Burmese Pokémon Chasers Intrude on Religious Sites
By Kyaw Hsu Mon 12 August 2016
RANGOON — The avid pursuit of virtual creatures via mobile phone screens has brought urban Pokémon chasers into the compounds of various places of worship, prompting a polite expulsion order in one recorded case at a pagoda in Mandalay.
Pokémon Go—an augmented-reality game developed by San Francisco-based Niantic for Android and Apple devices—was launched in Burma’s major cities, including Rangoon and Mandalay, last weekend, as part of a rollout across Southeast Asia.
Players use GPS and their own two feet to search real-world locations for Pokémon—visible through their phone screen—with names such as Nidoran, Raticate, Rattata, Exeggcute, Exeggutor, Gastly, Pidgey and Tangela.
Initially, players in Burma experienced difficulties with the game’s GPS function, and some found it to be incompatible with their phones—although most glitches appear now to have been ironed out.
Pokémon “gyms”—spaces where Pokémon “trainers” can fight with one another—are located in landmark sites including People’s Park, City Hall and Kandawgyi Park in Rangoon.
However, in search of new Pokémon, Burma’s urban players—largely youths, of both genders—have been spotted on the hunt in Buddhist pagodas, churches and mosques.
On Wednesday, a video clip was posted on Facebook of a trustee at Aung Taw Mu Pagoda in the city of Mandalay speaking through a loudspeaker: “Youths who are playing phone games in front of the pagoda, please leave so as not to disturb those praying. We request you to stay away from [the vicinity] of the pagoda.”
“I expected this would soon become an issue. Pokémon gamers should be mindful of religion and culture while chasing Pokémon,” said Bone Pyae Sone, a 26-year-old Pokémon chaser in Rangoon.
He anticipated that, unless players change their behavior, pagodas might soon bear signboards prohibiting Pokémon chasing.
Htoo Tay Zar, another Pokémon chaser, was skeptical that players would continue to invade places of worship in large numbers: “We can access [Pokémon] within 200 to 300 feet of buildings. We don’t need to go inside.”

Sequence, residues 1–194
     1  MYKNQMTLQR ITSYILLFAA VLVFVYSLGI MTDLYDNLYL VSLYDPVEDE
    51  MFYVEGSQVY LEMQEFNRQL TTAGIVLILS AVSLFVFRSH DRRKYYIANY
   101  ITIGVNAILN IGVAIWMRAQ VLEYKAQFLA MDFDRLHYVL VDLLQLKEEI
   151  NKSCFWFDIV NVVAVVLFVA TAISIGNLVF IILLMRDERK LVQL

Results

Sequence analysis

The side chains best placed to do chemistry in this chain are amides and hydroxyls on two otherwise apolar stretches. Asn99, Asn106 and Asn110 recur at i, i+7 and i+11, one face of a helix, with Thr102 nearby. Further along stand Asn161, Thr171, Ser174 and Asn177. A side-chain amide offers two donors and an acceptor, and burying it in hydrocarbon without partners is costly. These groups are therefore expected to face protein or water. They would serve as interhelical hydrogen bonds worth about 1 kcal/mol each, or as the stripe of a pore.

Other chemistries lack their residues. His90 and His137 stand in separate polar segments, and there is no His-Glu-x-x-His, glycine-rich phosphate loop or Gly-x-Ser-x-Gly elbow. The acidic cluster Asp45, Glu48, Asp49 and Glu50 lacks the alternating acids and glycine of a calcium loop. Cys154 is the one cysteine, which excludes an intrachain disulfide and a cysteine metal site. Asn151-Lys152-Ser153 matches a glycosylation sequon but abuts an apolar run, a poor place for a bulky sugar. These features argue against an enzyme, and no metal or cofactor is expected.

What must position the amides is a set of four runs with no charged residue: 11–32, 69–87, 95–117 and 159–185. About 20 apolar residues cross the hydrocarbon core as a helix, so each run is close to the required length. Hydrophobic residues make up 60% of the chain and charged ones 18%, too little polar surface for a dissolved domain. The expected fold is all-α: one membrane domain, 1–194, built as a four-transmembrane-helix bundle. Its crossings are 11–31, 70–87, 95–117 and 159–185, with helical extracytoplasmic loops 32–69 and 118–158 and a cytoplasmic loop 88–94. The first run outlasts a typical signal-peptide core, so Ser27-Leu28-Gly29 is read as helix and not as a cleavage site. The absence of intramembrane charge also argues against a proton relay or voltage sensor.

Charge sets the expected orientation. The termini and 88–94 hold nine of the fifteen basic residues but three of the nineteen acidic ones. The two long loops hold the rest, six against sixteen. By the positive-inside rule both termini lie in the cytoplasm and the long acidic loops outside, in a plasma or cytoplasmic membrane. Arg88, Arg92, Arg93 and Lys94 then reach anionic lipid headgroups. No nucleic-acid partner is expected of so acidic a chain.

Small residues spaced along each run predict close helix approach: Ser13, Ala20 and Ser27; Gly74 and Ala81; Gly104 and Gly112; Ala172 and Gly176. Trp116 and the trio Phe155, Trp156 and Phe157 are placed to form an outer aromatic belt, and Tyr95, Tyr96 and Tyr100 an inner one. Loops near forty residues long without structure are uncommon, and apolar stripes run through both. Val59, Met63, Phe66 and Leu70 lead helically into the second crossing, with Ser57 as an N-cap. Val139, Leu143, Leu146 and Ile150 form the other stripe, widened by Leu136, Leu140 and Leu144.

“Religious authorities need not be worried if they find young people wandering outside their buildings. It is just the nature of the game,” he added.
“Players should be mindful of playing Pokémon at night. In some townships, muggers on motorbikes seize mobile phones from pedestrians. Since this game can be played with friends, it is better to search for Pokémon in groups,” said Htoo Tay Zar.
Although credited by some for getting increasingly sedentary youth out of doors and interacting with each other, the game has been criticized in a range of areas.
Players meeting accidents in different countries have been widely circulated on social media. Virtual content has been removed from some sensitive areas across the world, due to complaints, including the United States Holocaust Memorial Museum in Washington DC and the Hiroshima Peace Memorial Park in Japan.
Government officials in some countries, including Egypt, Russia and Indonesia, have deemed the game a security threat, amid concerns that it could be utilized by foreign intelligence agencies. During the constitutional referendum in Thailand earlier this month, players were ordered to keep clear of polling stations.